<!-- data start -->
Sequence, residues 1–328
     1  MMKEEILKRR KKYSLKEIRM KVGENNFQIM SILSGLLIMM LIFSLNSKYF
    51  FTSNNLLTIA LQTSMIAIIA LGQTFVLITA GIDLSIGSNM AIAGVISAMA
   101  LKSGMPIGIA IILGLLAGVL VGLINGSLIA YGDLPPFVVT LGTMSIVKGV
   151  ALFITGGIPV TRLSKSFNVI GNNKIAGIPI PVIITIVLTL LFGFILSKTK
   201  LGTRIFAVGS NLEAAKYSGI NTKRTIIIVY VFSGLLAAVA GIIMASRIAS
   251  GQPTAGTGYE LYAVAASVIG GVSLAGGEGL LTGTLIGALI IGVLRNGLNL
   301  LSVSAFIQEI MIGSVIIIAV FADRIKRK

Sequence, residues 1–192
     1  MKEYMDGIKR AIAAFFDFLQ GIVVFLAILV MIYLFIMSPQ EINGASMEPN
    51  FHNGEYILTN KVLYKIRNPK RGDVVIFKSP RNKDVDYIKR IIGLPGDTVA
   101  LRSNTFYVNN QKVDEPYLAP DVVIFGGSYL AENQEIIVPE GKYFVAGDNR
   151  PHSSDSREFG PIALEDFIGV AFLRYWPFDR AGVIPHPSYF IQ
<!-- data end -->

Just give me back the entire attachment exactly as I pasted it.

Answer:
Sequence, residues 1–328
     1  MMKEEILKRR KKYSLKEIRM KVGENNFQIM SILSGLLIMM LIFSLNSKYF
    51  FTSNNLLTIA LQTSMIAIIA LGQTFVLITA GIDLSIGSNM AIAGVISAMA
   101  LKSGMPIGIA IILGLLAGVL VGLINGSLIA YGDLPPFVVT LGTMSIVKGV
   151  ALFITGGIPV TRLSKSFNVI GNNKIAGIPI PVIITIVLTL LFGFILSKTK
   201  LGTRIFAVGS NLEAAKYSGI NTKRTIIIVY VFSGLLAAVA GIIMASRIAS
   251  GQPTAGTGYE LYAVAASVIG GVSLAGGEGL LTGTLIGALI IGVLRNGLNL
   301  LSVSAFIQEI MIGSVIIIAV FADRIKRK

Sequence, residues 1–192
     1  MKEYMDGIKR AIAAFFDFLQ GIVVFLAILV MIYLFIMSPQ EINGASMEPN
    51  FHNGEYILTN KVLYKIRNPK RGDVVIFKSP RNKDVDYIKR IIGLPGDTVA
   101  LRSNTFYVNN QKVDEPYLAP DVVIFGGSYL AENQEIIVPE GKYFVAGDNR
   151  PHSSDSREFG PIALEDFIGV AFLRYWPFDR AGVIPHPSYF IQ